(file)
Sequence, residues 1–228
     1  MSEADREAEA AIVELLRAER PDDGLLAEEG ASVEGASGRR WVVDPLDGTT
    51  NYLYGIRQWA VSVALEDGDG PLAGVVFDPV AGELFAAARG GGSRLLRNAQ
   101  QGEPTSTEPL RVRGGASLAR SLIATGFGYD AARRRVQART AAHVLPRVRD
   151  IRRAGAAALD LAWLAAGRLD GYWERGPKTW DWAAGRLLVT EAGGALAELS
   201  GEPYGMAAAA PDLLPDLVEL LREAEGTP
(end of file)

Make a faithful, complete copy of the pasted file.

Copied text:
Sequence, residues 1–228
     1  MSEADREAEA AIVELLRAER PDDGLLAEEG ASVEGASGRR WVVDPLDGTT
    51  NYLYGIRQWA VSVALEDGDG PLAGVVFDPV AGELFAAARG GGSRLLRNAQ
   101  QGEPTSTEPL RVRGGASLAR SLIATGFGYD AARRRVQART AAHVLPRVRD
   151  IRRAGAAALD LAWLAAGRLD GYWERGPKTW DWAAGRLLVT EAGGALAELS
   201  GEPYGMAAAA PDLLPDLVEL LREAEGTP